‘City Hall has an interesting history that dates back to the 19th century. This used to be Finland's first Seurahuone restaurant, and a high-quality restaurant continues to operate in the premises, keeping up the same standards. In other words, the food is really good’, says Akkanen and commends the staff of the Chaîne des Rôtisseurs restaurant.
Akkanen says that welcome speeches are deliberately kept short, as otherwise the guests will start looking impatiently at the attractive buffet table. The banquet menu favours seasonal delicacies and local food.
‘Local food enlivens the occasion and serves as food for conversation when, for example, you have the opportunity to explain that the potatoes and asparagus come from the nearby farms. We deliberately serve vegetable-dominated food, because we want to play our part in supporting sustainable development and ethical values.’
Tanja Raunio, Food and Drinking Culture Ambassador of Turku, has recently planned a non-alcohol welcome drink with the name “Fortuna”, which makes an apt reference to City Hall’s past.
‘The building was fortunate to survive the Great Fire of Turku back in the day’, says Akkanen.
The reception of City Hall can accommodate up to 200 guests, but the Von Troil Hall is also a nice place for a smaller group. For congress guests, a dinner provides an informal opportunity to network and discuss interesting topics in the field. The City’s representatives often engage in profound discussions.
‘The occasions are highly rewarding for the hosts and hostesses. The discussions address themes and perspectives that are not normally taken up in the course of regular work duties or ordinary life’, says Akkanen.
Sarlund agrees. In addition to the natural sciences she is already familiar with, she has engaged in dinner discussions of highly interdisciplinary congresses.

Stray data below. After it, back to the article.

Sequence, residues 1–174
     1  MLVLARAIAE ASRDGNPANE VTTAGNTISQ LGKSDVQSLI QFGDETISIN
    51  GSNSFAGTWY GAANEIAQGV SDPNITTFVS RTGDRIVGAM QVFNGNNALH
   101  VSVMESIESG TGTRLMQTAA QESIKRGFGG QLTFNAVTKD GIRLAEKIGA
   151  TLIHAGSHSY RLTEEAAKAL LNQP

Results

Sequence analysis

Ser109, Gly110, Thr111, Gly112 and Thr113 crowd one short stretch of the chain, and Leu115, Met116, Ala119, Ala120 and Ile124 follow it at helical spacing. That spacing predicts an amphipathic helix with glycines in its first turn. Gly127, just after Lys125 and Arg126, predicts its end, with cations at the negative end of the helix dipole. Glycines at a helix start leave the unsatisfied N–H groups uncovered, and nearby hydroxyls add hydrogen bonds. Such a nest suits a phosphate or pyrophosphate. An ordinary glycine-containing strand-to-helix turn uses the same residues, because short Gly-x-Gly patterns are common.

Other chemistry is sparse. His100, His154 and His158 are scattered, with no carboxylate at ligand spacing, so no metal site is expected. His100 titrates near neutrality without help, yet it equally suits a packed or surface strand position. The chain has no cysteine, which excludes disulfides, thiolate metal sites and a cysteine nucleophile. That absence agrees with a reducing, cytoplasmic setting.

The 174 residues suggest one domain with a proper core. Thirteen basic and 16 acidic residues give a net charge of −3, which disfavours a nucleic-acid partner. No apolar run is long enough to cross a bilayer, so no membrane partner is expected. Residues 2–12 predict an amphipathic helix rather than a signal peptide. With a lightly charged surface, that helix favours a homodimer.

‘Perhaps the most extraordinary was the congress on life after death, whose participants included leading experts from doctors to gnome researchers. All in all, the topics have been super interesting and inspiring. I often find myself thinking that, my goodness, if only the rest of the people of Turku could hear these ideas’, says Sarlund.
In response to her suggestion, public lectures have in fact been started in Turku in connection with congresses, popularising the subject areas to a wider audience.
‘I hope that the piloting of public lectures will continue so that people interested in science will have the opportunity to enjoy the new inspiring ideas. At the same time, this will strengthen Turku’s position as a science city’, says Sarlund.
Akkanen also points out that universities cannot remain isolated islands, but instead must be part of the local culture and life. He praises the close cooperation between the City of Turku and higher education institutions.
‘The city’s hospitality and the receptions arranged for congress guests are also a way to extend our thanks to the scientific community for their joint development effort in the Turku region’, says Akkanen.
Text: Merja Kallikari
Photo: Mika Okko